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CBS4 Mountain Timelapse Shows Winds Of Change

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Chris Spears By Chris Spears
CBS4 Meteorologist
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DENVER (CBS4) - There are so many neat tools that meteorologists use to tell the weather story in this modern age, including radar and satellites that are connected to sophisticated super computers.

But just as the old saying goes, “a picture is worth a thousand words,” perhaps one of the most simple, yet visual tools we have to monitor current conditions in the Colorado Weather Center at CBS4, is the camera.

When put into timelapse, it can capture things like cold fronts, warm fronts and wind shear. And sometimes even smaller scale weather phenomena, like blowing dust.

(credit: CBS)

(credit: CBS)

The timelapse linked at the top of this story was taken Wednesday morning from our mountain camera along I-70 and Evergreen Parkway. In the first half, you can see clouds moving toward the camera, indicating the general flow of winds up high in the atmosphere.

You can also see some low clouds that settled into some of the valleys overnight begin to lift as the sun rises and mixes the air.

Now replay the video, and this time, watch the clouds moving from left to right near the bottom of your screen, right along the spine of the Continental Divide.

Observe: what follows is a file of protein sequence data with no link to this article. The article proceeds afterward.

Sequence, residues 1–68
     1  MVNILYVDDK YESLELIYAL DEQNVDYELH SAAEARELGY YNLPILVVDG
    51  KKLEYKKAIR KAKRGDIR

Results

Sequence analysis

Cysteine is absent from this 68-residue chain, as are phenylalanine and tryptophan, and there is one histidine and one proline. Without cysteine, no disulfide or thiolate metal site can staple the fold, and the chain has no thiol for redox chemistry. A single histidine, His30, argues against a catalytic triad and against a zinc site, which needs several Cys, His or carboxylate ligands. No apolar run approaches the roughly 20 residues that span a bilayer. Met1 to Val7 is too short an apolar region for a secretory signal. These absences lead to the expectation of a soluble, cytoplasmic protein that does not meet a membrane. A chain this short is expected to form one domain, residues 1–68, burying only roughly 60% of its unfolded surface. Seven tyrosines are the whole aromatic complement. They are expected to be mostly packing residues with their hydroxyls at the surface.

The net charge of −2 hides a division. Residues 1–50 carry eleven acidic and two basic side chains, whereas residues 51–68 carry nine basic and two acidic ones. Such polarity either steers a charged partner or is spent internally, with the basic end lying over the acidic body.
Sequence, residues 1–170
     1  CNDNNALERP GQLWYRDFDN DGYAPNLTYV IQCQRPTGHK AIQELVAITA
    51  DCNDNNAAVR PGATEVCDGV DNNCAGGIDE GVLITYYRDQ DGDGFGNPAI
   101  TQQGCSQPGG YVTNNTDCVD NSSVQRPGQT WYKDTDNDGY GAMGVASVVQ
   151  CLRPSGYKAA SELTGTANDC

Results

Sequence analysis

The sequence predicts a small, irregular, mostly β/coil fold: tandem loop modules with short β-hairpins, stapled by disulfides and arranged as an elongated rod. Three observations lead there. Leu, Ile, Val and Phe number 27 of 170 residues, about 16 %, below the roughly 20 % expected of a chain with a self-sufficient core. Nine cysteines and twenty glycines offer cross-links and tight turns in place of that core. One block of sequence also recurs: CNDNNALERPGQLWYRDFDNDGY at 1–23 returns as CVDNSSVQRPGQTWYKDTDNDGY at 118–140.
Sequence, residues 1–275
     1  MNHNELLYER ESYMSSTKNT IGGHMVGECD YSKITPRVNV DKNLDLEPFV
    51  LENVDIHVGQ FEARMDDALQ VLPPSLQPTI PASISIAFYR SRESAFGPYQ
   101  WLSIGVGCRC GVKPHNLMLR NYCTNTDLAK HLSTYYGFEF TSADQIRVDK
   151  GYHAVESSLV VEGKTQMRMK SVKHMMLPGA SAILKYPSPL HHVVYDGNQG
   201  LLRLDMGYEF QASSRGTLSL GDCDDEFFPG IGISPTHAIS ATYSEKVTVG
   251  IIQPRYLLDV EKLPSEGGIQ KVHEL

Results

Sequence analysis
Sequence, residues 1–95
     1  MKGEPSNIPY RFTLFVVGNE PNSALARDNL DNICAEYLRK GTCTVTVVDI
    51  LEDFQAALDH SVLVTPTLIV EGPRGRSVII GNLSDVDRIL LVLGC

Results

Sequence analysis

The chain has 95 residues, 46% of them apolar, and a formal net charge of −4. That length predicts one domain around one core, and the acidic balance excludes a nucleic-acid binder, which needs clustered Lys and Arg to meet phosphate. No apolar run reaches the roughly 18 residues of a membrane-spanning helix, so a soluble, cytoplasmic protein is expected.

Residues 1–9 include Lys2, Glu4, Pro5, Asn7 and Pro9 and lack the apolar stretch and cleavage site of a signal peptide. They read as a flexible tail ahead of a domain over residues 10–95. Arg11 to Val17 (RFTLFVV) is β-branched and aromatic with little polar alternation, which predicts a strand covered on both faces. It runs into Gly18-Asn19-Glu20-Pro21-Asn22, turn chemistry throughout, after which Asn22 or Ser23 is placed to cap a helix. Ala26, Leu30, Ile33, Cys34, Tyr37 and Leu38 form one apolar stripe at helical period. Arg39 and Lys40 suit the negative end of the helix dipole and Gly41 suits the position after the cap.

This wind pattern reflects what was happening at the surface Wednesday morning in western Colorado, where the winds near the ground were blowing out of the southwest, creating an upslope on the western side of the mountains, which produced some morning rain and snow showers.

Toward the end of the timelapse, you can see the atmosphere starting to warm up and dry out, evident by the overall decrease in cloud cover, both high in the sky and near the mountain tops.

(credit: CBS)

(credit: CBS)

A timelapse can be a great tool during any time of the year, but will become particularly useful as we move into the late spring and summer months, especially on a day when we expect severe weather.

Because a timelapse clearly shows wind direction moving at different levels of the atmosphere, evident by cloud movement, they allow a forecaster to visually see things like wind shear, which plays a big role in severe thunderstorms that rotate and produce tornadoes.

And sometimes we just get lucky with a timelapse, and capture really cool things that you can’t see with the naked eye, such as the certain planets and stars, as they come up on the horizon and track across the morning or evening sky.

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